McCain, Traveling Along a Tightrope

By Michael D. Shear
Washington Post Staff Writer
Monday, March 24, 2008

PARIS -- Standing along the edge of the Gaza Strip and flanked by a hero of the Israeli military, Sen. John McCain last week invoked the tough rhetoric of President Bush, warning of Iranian influence in the Middle East and cautioning against negotiations with terrorists.

A day later, standing outside London's 10 Downing Street, McCain found himself arguing against his president as he eagerly recounted for reporters his lengthy conversation with British Prime Minister Gordon Brown about the need for worldwide action to prevent global warming.

Throughout a week-long trip that took him to more than a dozen meetings with leaders in five countries, McCain walked a fine line on Iraq and other issues as the all-but-certain Republican nominee confronted perhaps the central dilemma of his presidential campaign -- the question of what role Bush and the legacy of the past seven years will play in his campaign for the White House.

At home, the answer may determine how well McCain succeeds in keeping his Republican base happy while also attracting the independents and Democrats he will need to win in November. And, win or lose, it will shape his image abroad, where a debate is already raging over whether a McCain presidency would be a de facto third term for the embattled incumbent.

In every city, foreign leaders and journalists attempted to reconcile what they deemed the two sides to McCain: his bellicose rhetoric on Iran and North Korea -- which is more aggressive than Bush's -- and his desire to heal the rift with Europe's leaders by closing the Guantanamo Bay prison, ending what he regards to be the use of torture by American forces and reducing pollution.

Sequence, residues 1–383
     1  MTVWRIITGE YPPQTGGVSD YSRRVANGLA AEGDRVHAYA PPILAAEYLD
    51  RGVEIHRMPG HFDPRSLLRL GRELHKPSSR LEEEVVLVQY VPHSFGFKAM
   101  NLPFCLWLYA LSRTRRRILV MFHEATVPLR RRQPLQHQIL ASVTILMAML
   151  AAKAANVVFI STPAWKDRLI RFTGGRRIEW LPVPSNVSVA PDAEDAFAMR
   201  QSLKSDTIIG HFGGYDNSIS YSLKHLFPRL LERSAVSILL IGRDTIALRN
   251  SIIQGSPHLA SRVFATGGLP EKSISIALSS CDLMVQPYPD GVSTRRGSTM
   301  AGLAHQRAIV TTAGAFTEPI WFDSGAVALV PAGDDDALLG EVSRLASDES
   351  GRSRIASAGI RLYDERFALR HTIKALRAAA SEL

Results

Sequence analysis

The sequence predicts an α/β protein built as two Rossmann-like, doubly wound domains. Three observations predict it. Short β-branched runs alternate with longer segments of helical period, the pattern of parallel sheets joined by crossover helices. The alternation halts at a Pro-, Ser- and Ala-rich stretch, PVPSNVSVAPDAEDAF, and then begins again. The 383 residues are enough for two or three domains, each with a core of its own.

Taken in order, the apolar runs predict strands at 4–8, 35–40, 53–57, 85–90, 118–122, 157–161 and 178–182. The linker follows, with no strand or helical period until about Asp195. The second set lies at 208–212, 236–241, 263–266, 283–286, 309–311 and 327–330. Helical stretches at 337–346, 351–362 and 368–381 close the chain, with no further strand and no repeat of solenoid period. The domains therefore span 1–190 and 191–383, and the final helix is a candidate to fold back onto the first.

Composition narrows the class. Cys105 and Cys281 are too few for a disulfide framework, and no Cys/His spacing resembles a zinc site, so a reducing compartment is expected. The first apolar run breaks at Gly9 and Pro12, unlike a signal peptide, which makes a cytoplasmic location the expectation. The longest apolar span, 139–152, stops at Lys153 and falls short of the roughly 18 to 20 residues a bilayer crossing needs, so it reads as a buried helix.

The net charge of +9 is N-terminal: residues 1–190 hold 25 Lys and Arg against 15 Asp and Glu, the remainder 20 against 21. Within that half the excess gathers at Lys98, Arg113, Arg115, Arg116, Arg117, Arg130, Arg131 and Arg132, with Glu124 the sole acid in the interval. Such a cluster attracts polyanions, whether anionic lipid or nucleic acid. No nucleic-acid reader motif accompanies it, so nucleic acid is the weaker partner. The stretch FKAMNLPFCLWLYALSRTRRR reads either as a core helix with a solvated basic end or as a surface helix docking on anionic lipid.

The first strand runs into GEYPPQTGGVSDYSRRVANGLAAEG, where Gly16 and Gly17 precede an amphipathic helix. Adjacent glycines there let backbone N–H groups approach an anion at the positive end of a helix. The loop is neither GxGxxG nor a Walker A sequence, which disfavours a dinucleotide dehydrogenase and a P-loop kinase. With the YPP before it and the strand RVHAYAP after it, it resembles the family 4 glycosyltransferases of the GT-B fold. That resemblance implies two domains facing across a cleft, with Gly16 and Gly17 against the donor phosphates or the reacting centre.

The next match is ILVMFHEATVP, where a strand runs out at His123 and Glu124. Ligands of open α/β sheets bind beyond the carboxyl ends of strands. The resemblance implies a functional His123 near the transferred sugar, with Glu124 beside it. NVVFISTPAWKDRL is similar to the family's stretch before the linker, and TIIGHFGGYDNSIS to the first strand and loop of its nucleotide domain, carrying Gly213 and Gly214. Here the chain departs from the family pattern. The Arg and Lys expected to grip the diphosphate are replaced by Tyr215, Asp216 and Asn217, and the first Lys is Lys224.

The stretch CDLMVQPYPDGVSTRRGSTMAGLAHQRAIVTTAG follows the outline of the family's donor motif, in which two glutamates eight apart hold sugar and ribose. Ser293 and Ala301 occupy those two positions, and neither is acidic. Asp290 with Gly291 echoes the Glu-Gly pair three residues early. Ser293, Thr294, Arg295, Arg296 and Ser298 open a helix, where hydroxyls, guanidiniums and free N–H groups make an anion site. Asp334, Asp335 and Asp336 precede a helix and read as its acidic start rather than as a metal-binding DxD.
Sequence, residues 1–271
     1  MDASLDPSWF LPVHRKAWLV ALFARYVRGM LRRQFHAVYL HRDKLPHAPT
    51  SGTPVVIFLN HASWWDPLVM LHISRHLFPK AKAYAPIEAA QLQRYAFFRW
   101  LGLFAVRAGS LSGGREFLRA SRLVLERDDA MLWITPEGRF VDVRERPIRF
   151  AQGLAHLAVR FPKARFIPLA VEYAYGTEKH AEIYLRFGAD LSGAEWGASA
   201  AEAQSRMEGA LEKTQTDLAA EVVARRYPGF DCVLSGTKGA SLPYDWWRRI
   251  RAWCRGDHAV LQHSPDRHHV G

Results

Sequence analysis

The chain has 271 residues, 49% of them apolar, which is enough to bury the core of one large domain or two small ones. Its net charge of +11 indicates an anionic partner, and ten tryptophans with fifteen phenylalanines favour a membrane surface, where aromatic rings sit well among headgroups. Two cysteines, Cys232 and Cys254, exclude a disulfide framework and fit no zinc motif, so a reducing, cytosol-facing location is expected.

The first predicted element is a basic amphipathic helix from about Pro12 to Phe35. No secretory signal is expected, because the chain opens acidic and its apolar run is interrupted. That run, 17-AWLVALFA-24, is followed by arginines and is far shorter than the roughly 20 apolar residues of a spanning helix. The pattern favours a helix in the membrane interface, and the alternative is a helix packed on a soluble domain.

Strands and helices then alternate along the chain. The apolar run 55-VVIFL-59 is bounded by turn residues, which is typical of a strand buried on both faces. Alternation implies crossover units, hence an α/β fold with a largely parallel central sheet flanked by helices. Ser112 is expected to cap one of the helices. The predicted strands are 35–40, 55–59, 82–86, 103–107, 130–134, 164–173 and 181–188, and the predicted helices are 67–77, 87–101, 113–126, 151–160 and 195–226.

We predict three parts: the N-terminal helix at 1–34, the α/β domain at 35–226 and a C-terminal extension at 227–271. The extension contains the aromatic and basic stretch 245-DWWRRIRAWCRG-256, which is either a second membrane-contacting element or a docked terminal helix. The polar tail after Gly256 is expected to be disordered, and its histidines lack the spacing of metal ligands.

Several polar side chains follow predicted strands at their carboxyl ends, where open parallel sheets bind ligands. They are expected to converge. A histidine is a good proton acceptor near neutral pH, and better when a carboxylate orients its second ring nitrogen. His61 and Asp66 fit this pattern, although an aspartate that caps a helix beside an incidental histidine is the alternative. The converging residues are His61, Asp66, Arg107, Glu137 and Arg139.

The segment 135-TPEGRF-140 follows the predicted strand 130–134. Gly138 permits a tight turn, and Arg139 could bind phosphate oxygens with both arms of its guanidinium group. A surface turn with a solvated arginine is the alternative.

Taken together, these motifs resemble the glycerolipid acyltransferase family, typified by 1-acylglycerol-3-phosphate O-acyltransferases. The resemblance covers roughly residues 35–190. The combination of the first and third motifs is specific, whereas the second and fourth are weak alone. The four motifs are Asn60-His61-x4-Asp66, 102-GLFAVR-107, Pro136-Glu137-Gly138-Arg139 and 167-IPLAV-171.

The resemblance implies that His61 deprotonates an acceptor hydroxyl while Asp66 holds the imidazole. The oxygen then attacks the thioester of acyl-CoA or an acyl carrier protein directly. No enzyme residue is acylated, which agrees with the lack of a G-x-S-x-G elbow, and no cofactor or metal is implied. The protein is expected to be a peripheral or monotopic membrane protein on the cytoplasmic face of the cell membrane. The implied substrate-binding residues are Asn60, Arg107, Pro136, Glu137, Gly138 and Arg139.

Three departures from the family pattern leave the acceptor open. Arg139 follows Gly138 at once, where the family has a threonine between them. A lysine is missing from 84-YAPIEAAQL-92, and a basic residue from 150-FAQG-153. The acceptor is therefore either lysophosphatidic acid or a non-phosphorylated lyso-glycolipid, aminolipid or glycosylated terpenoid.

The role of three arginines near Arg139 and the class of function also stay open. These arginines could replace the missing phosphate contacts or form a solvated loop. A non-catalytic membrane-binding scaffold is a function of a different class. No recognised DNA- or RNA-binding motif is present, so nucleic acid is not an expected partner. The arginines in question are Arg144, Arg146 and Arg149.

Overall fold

Europeans "see him as a trusted hand, knowledgeable," said Philip Gordon, a senior fellow at the Brookings Institution who has advised Democratic candidate Barack Obama on foreign policy. "But I think they are a bit worried about him."

Gordon said many Europeans were stunned when U.S. voters reelected Bush in 2004 despite the deteriorating situation in the Middle East. "If we now, after all this, elect someone who agrees with the Iraq policy and is perhaps more hawkish on Iran, they will be surprised," he said.

McCain repeatedly insisted last week that his government-funded trip was not a campaign stunt aimed at voters. Rather, he said, it was a fact-finding mission similar to trips abroad taken regularly by members of Congress in both parties.

"I'm here assessing the situation," McCain barked at an Israeli reporter in the border town of Sderot near Gaza, after flying over Israel with Defense Minister Ehud Barak. "It would not be frankly appropriate for me to talk about what I would do as president."

But the trip was by no means exclusively an information-gathering exercise for McCain.

He paused for a fundraiser with about 100 wealthy American expatriates living in London, who gathered at the ancestral home of Princess Diana and dined on duck salad and ice cream flamb¿. (His aides said the campaign reimbursed the government $3,000 for travel because of the political nature of the fundraiser.) McCain also gave numerous interviews to U.S. television network correspondents who followed him across the continent and to local newspapers in each country, which touted exclusives on their front pages. And he was hardly treated like a member of Congress by world leaders now eyeing him as a potential equal.

In Paris, French President Nicolas Sarkozy led McCain into the ¿lys¿e Palace past a throng of cameras, where the pair sipped cappuccino around a large table set with grapes. In Israel, he walked past Chagall stained-glass windows to meet with President Shimon Peres at his ceremonial home. In London, protocol dictated the absence of a red carpet at 10 Downing, but there was a photo op in the White Drawing Room.

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